On Embryo Reduction

Author: Pontifical Council for the Family



Having been asked to state its position on so-called "embryo reduction", the Pontifical Council for the Family, after consulting the Congregation for the Doctrine of the Faith, publishes this Declaration.

Cases of multiple pregnancies, when the mother's womb is shared by several embryos, have become more frequent. These cases usually result from ovarian stimulation in the case of infertility, or from recourse to artificial fertilization, on which the Magisterium has already given its judgement (Congregation for the Doctrine of the Faith, Instruction Donum vitae, II). First of all, we must keep in mind the difficult and even critical situations that these procedures can create. Thus it is impossible not to mention the responsibility of those doctors who, by applying hyperstimulation without the proper skill and precaution, or by using artificial fertilization procedures, create situations that put the life of the mother and the children conceived at risk.

As for multiple pregnancies, some say that they cannot all come to term, either because of the spontaneous death of the embryos in utero, or because of the premature birth of fetuses with no hope of life. They add, moreover, that if the unborn children all reach the point of delivery, the obstetrical difficulties (with the resulting danger to the mother) are greater. On this basis, they conclude that selecting and eliminating some of the embryos to save the others or at least one of them is justified. The procedure known as "embryo reduction" has been introduced for this reason.

In this regard, the following should be noted: since every embryo must be considered and treated as a human person with respect for his eminent dignity (Congregation for the Doctrine of the Faith, Instruction Donum vitae I, 1), the fundamental human rights of the unborn child must be recognized from the first moment of conception; first among these is the right to life, which thus cannot be violated in any way. Over and above any confusion and ambiguity, it must therefore be said that "embryo reduction" constitutes selective abortion, for it consists in the direct and voluntary killing of an innocent human being (John Paul II, Encyclical Evangelium vitae, n. 57). Therefore, whether it is willed as an end or used as a means, it must be said that "embryo reduction" always constitutes a grave moral disorder (John Paul II, Encyclical Evangelium vitae, n. 62). Since we are dealing with a truth that can be grasped by reason alone, the unlawfulness of this conduct is a valid norm for everyone, including non-believers (John Paul II, Encyclical Evangelium vitae, n. 101). The moral prohibition remains even when continuation of the pregnancy jeopardizes the life or health of the mother and the other siblings. For it is not lawful to do evil even in order to achieve something good (John Paul II, Encyclical Evangelium vitae, n. 58).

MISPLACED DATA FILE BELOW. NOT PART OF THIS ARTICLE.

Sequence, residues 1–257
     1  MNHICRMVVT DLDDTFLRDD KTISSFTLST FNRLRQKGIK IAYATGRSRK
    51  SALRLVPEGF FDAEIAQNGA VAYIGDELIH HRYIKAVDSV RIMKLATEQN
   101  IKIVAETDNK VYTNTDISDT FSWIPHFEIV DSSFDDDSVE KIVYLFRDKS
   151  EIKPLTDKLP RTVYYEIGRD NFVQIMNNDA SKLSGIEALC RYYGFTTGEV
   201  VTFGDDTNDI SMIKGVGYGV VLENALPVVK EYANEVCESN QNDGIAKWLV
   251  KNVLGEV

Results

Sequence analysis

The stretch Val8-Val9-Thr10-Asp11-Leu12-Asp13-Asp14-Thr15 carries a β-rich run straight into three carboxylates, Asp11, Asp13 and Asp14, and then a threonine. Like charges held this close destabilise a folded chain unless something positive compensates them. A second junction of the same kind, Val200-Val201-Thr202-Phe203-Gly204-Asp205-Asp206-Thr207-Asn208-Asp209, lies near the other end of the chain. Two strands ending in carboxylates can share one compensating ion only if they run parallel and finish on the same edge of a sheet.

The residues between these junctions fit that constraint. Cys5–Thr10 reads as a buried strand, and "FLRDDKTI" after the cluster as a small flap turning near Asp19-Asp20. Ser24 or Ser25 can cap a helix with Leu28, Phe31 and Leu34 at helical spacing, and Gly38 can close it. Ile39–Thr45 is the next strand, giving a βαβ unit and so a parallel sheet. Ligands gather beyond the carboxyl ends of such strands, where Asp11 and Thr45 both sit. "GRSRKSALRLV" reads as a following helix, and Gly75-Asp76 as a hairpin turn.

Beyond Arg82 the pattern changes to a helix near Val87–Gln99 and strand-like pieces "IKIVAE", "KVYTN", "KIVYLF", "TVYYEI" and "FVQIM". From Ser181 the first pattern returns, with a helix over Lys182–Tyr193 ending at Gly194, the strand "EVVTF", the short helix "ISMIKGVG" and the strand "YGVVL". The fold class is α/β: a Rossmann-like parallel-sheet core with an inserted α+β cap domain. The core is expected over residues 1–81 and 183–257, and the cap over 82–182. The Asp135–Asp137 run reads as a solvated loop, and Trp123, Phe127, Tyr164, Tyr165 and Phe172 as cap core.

Human life comes from God and is always his gift, a sharing in his breath of life (John Paul II, Encyclical Evangelium vitae, n. 39). Embryo selection, which involves the voluntary taking of a human life, cannot be justified either on the principle of the so-called lesser evil, or on the principle of the double effect: neither one nor the other can be applied in this case. Nor should we underestimate the possibility that the use of embryo reduction might lead to a eugenic mentality, as a result of which, through prenatal diagnostic techniques, the value of a human life would be measured only within the parameters of normality and "physical well-being" (John Paul II, Encyclical Evangelium vitae, n. 63), in the light of a reductive concept of the "quality of life".

May the Lord of life accompany parents in fulfilling their most exalted task and sustain them in their duty to respect the right to life of their unborn child. At the same time, may he guide those who are at the service of life to do all in their power to save the mother and her babies. Fortunately, due to the important scientific advances made in recent years, many cases of multiple pregnancies have been successfully brought to term. It remains certain, however, that although our human limitations oblige us at times to stand by helplessly as innocent creatures die prematurely, it can never be morally licit to cause their death voluntarily.

From the Vatican, 12 July 2000.

Cardinal Alfonso Lopez Trujillo

Bishop Francisco Gil Hellin

Taken from:
L'Osservatore Romano
Weekly Edition in English
19 July 2000, page 3

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